I’m fascinated by how we make and hold beliefs, often in the light on contrary evidence. You see how easy it is for us to have false belief in many patients with brain injury. Many have false beliefs and explain away contradictory evidence effortlessly, which is called confabulation.
This is one of my favourite examples of confabulation, heard by neuroscientist Michael Gazzaniga (from Gazzaniga 2000):
In one patient I had, the patient was a woman who, although she was being examined in my office at New York Hospital, claimed we were in her home in Freeport, Maine. The standard interpretation of this syndrome is that she made a duplicate copy of a place (or person) and insisted that there are two.
This woman was intelligent; before the interview she was biding her time reading the New York Times. I started with the ‘So, where are you?’ question. ‘I am in Freeport, Maine. I know you don’t believe it. Dr Posner told me this morning when he came to see me that I was in Memorial Sloan-Kettering Hospital and that when the residents come on rounds to say that to them. Well, that is fine, but I know I am in my house on Main Street in Freeport, Maine!’ I asked, ‘Well, if you are in Freeport and in your house, how come there are elevators outside the door here?’ The grand lady peered at me and calmly responded,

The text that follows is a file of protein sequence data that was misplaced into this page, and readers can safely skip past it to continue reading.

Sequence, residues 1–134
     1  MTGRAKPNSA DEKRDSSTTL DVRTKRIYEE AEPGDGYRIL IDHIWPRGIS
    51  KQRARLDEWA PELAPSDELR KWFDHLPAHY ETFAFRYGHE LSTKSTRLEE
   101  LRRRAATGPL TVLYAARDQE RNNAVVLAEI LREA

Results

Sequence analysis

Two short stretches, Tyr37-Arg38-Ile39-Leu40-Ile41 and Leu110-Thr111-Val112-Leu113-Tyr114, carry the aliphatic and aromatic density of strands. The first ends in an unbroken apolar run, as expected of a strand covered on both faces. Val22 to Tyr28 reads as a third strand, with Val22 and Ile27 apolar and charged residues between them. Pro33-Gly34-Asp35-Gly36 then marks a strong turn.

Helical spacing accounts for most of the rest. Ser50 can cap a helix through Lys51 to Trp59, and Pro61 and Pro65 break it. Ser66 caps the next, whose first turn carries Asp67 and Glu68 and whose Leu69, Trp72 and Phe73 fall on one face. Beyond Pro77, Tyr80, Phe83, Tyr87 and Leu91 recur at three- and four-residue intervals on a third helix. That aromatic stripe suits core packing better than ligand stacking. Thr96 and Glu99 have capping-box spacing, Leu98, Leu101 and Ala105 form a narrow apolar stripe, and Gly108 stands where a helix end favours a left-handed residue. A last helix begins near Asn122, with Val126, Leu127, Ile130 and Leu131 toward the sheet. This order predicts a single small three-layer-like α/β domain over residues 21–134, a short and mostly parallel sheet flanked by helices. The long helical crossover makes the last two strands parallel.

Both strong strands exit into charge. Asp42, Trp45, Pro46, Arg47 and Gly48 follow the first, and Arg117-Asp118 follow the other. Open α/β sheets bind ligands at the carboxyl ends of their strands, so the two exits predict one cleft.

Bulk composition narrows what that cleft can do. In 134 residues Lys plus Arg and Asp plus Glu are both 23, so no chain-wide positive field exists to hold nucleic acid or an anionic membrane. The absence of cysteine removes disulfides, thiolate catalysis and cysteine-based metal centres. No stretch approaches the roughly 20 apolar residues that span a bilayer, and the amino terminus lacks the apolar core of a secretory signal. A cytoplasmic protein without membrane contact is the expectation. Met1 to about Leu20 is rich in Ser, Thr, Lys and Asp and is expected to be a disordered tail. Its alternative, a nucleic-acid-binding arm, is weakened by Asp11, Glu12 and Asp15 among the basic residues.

‘Doctor, do you know how much it cost me to have those put in?
Gazzaniga goes on to explain the reason for this woman’s false belief, due in part to a lesion in her brain:
Because of her lesion the part of the brain that represents locality is overactive and sending out an erroneous message about her location. The interpreter is only as good as the information it receives, and in this instance it is getting a wacky piece of information.
It’s easy to think of this as just an amusing story of someone with brain injury. I think we all have the same mechanisms in our brain that are making sense of the world as best they can. We can all have beliefs that make perfect sense to us, but seem bizarre to outside observers.
Gazzaniga MS. 2000. Cerebral specialization and interhemispheric communication: Does the corpus callosum enable the human condition? Brain 123(7): 1293-1326. http://dx.doi.org/10.1093/brain/123.7.1293
Photo by Boston Public Library on Flickr; used under a Creative Commons license.